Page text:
Journal Article

Myeloablative Conditioning Predisposes Patients for <i>Toxoplasma gondii</i> Reactivation after Allogeneic Stem Cell Transplantation

Stef Meers, Lagrou Katrien, Koen Theunissen, Daan Dierickx, Michel Delforge, Timothy Devos, Ann Janssens, Wouter Meersseman, Gregor Verhoef, Johan Van Eldere and Johan Maertens

in Clinical Infectious Diseases

Published on behalf of Infectious Diseases Society of America

Volume 50, issue 8, pages 1127-1134
Published in print April 2010 | ISSN: 1058-4838
Published online April 2010 | e-ISSN: 1537-6591 | DOI:
Myeloablative Conditioning Predisposes Patients for Toxoplasma gondii Reactivation after Allogeneic Stem Cell Transplantation

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Background. Toxoplasmosis is an often fatal opportunistic infection following allogeneic hematopoietic stem cell transplantation and is largely due to deferred diagnosis. In addition, breakthrough infections occur during prophylaxis with trimethoprim-sulfamethoxazole.

Methods. From November 2001 onwards, we routinely monitored all stem cell transplant recipients who were seropositive for Toxoplasma gondii and/or who received a transplant from a donor who was seropositive for T. gondii reactivation by polymerase chain reaction of peripheral blood samples. The aim of this study was to evaluate the incidence of and the risk factors for Toxoplasma reactivation in this population not receiving specific prophylaxis. We also studied the feasibility of a preemptive treatment approach based on this routine monitoring.

Results. We report a toxoplasmosis incidence of 8.7% (18 of 208 patients). Twelve patients (5.8%) had a T. gondii infection at diagnosis; 6 patients (2.9%) had Toxoplasma disease, including cerebral toxoplasmosis (n = 5) and cardiopulmonary toxoplasmosis ( n = 1). We identified myeloablative conditioning and conditioning with high-dose total body irradiation (10–12 Gy) as risk factors for T. gondii reactivation, whereas patients with a seropositive donor were less likely to experience reactivation. Patients with T. gondii disease had a significantly higher number of transcripts in blood than did patients with a T. gondii infection. Finally, with a strategy of routine monitoring and preemptive treatment with clindamycin-pyrimethamine, we only had 3 Toxoplasma-related deaths among our patients, which is a much lower rate than that reported in the literature.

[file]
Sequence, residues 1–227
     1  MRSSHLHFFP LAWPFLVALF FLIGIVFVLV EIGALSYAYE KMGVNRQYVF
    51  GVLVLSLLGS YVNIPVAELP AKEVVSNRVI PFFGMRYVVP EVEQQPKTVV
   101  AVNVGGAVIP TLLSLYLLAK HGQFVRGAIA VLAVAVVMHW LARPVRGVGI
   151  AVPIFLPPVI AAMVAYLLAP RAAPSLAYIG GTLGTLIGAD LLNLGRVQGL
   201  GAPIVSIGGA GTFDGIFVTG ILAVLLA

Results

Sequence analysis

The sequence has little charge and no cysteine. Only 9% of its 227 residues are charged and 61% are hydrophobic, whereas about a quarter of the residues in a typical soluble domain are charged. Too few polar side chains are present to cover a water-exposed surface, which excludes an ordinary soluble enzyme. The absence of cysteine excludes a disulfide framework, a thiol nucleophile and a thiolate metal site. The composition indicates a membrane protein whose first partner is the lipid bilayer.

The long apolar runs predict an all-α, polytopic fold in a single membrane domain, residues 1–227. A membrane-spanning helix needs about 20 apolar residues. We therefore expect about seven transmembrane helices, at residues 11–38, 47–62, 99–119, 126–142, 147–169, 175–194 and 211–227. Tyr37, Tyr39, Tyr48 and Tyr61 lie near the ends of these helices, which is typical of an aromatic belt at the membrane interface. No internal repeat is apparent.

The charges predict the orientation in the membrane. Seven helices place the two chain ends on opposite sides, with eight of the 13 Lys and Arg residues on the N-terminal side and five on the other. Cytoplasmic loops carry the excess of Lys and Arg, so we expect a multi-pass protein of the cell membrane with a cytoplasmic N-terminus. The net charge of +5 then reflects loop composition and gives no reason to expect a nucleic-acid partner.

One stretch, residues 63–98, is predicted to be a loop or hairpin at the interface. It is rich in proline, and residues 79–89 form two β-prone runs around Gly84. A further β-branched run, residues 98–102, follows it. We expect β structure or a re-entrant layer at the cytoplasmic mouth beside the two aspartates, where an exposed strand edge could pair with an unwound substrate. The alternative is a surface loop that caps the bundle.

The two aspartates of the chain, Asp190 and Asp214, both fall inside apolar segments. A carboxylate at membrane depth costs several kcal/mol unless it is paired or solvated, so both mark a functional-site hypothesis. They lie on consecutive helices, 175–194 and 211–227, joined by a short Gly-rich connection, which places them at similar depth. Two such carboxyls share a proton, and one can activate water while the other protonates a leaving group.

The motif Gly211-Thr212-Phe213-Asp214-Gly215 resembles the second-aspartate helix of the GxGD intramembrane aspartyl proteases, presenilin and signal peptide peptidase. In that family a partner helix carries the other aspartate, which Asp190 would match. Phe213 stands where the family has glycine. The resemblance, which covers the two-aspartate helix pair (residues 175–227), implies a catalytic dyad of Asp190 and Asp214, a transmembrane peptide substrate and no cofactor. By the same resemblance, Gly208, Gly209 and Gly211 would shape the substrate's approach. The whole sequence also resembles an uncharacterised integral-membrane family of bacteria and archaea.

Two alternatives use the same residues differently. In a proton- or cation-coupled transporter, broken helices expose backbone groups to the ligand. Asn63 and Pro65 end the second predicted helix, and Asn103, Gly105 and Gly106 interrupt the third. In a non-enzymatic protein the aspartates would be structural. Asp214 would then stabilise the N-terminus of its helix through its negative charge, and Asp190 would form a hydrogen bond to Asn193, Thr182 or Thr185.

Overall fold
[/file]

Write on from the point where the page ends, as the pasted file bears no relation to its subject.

Conclusions. Systematic monitoring with polymerase chain reaction is a good means to detect T. gondii reactivation and could reduce T. gondii-related mortality among hematopoietic stem cell transplant recipients.

Journal Article.  4001 words.  Illustrated.

Subjects: Infectious Diseases ; Immunology ; Public Health and Epidemiology ; Microbiology

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